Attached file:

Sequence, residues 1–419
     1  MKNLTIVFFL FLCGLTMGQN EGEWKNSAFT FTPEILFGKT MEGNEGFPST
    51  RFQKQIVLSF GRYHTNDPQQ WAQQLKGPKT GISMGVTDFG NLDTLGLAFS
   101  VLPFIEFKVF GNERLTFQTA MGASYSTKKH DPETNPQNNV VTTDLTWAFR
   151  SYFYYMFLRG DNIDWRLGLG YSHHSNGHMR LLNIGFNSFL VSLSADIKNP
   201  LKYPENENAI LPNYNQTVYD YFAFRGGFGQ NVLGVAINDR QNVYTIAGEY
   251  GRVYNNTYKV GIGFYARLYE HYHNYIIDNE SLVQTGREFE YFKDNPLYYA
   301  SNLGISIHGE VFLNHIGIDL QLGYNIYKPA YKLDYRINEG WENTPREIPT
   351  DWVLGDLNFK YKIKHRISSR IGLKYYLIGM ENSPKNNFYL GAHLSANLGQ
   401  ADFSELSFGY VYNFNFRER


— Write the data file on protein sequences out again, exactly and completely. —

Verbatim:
Sequence, residues 1–419
     1  MKNLTIVFFL FLCGLTMGQN EGEWKNSAFT FTPEILFGKT MEGNEGFPST
    51  RFQKQIVLSF GRYHTNDPQQ WAQQLKGPKT GISMGVTDFG NLDTLGLAFS
   101  VLPFIEFKVF GNERLTFQTA MGASYSTKKH DPETNPQNNV VTTDLTWAFR
   151  SYFYYMFLRG DNIDWRLGLG YSHHSNGHMR LLNIGFNSFL VSLSADIKNP
   201  LKYPENENAI LPNYNQTVYD YFAFRGGFGQ NVLGVAINDR QNVYTIAGEY
   251  GRVYNNTYKV GIGFYARLYE HYHNYIIDNE SLVQTGREFE YFKDNPLYYA
   301  SNLGISIHGE VFLNHIGIDL QLGYNIYKPA YKLDYRINEG WENTPREIPT
   351  DWVLGDLNFK YKIKHRISSR IGLKYYLIGM ENSPKNNFYL GAHLSANLGQ
   401  ADFSELSFGY VYNFNFRER